chytrid fungus A common shortened name for a fungus — Batrachochytrium dendrobatidis — that can induce a lethal infection in amphibians, especially frogs. The formal name of the infection is chytridiomycosis.
climate The weather conditions that typically exist in one area, in general, or over a long period.
cloud forest One of the more threatened tropical ecosystems, these are mist-shrouded rainforests that can develop high up along the sides of steep volcanic mountains. Because they have traditionally been hard to reach, they have tended to maintain a rich diversity of species.
conservation The act of preserving or protecting something. The focus of this work can range from art objects to endangered species and other aspects of the natural environment.
ecology A branch of biology that deals with the relations of organisms to one another and to their physical surroundings. A scientist who works in this field is called an ecologist.
environment The sum of all of the things that exist around some organism or the process and the condition those things create. Environment may refer to the weather and ecosystem in which some animal lives, or, perhaps, the temperature and humidity (or even the placement of things in the vicinity of an item of interest).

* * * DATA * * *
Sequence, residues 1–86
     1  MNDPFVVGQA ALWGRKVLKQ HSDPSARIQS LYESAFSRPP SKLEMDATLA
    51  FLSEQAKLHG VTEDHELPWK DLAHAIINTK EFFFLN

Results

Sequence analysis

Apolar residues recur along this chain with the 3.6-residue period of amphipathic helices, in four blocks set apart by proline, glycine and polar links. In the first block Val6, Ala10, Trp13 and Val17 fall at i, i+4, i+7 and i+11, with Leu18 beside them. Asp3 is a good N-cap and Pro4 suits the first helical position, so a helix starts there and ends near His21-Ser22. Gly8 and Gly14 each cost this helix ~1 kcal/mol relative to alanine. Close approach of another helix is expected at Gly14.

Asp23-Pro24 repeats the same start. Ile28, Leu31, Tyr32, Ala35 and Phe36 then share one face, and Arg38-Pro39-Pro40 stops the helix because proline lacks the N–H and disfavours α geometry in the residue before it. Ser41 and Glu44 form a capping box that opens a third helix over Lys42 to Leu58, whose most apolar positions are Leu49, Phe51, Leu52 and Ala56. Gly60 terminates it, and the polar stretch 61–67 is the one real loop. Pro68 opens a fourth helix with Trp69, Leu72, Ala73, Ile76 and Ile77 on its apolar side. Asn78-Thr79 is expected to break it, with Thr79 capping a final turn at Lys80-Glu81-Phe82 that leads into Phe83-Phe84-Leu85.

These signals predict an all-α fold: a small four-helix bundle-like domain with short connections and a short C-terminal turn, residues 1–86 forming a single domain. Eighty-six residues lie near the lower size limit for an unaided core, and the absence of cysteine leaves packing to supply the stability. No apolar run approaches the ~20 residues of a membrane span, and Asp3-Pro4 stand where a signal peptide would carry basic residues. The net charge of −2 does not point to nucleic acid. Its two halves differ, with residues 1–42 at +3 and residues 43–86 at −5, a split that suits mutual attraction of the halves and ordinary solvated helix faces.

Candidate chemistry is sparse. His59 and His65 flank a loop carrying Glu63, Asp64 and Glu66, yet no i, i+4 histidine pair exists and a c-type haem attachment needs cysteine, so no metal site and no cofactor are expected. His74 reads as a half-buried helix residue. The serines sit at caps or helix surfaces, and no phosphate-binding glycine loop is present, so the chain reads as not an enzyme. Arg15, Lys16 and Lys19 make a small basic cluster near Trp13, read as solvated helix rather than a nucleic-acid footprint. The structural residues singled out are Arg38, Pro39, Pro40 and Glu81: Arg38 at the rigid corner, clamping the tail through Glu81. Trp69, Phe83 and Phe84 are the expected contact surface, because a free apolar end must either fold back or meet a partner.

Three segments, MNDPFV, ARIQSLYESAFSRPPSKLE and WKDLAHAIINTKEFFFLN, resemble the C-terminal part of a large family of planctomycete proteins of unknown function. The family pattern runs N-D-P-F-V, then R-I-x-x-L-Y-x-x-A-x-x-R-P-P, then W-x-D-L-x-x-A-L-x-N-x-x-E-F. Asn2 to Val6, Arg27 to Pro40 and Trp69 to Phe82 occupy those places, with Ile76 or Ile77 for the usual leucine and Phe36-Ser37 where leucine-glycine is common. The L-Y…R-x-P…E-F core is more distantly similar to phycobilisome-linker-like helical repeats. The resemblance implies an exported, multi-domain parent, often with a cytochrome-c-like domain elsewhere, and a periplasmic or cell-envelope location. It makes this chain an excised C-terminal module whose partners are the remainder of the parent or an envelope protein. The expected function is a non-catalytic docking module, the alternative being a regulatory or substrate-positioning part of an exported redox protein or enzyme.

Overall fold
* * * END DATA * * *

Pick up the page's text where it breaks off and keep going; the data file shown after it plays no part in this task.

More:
extinct An adjective that describes a species for which there are no living members.
fungus (plural: fungi) One of a group of single- or multiple-celled organisms that reproduce via spores and feed on living or decaying organic matter. Examples include mold, yeasts and mushrooms.
genetic Having to do with chromosomes, DNA and the genes contained within DNA. The field of science dealing with these biological instructions is known as genetics. People who work in this field are geneticists.
habitat The area or natural environment in which an animal or plant normally lives, such as a desert, coral reef or freshwater lake. A habitat can be home to thousands of different species.
herpetology The biology of reptiles and amphibians. Scientists who work in this field are known as herpetologists.
host (in biology and medicine) The organism (or environment) in which some other thing resides. Humans may be a temporary host for food-poisoning germs or other infective agents.
immunity The ability of an organism to resist a particular infection or poison by providing cells to remove, kill or disarm the dangerous substance or infectious germ. Or, when used colloquially, it means the ability to avoid some other type of adverse impact (such as firing from a job or being bullied).
infect To spread a disease from one organism to another. This usually involves introducing some sort of disease-causing germ to an individual.
marsupial frogs A group of species that don’t produce free-swimming tadpoles. Their young develop from eggs into tiny froglets within a pouch on their mother's body. Scientists describe this as direct development.
native Associated with a particular location; native plants and animals have been found in a particular location since recorded history began. These species also tend to have developed within a region, occurring there naturally (not because they were planted or moved there by people). Most are particularly well adapted to their environment.
population (in biology) A group of individuals from the same species that lives in the same area.
species A group of similar organisms capable of producing offspring that can survive and reproduce.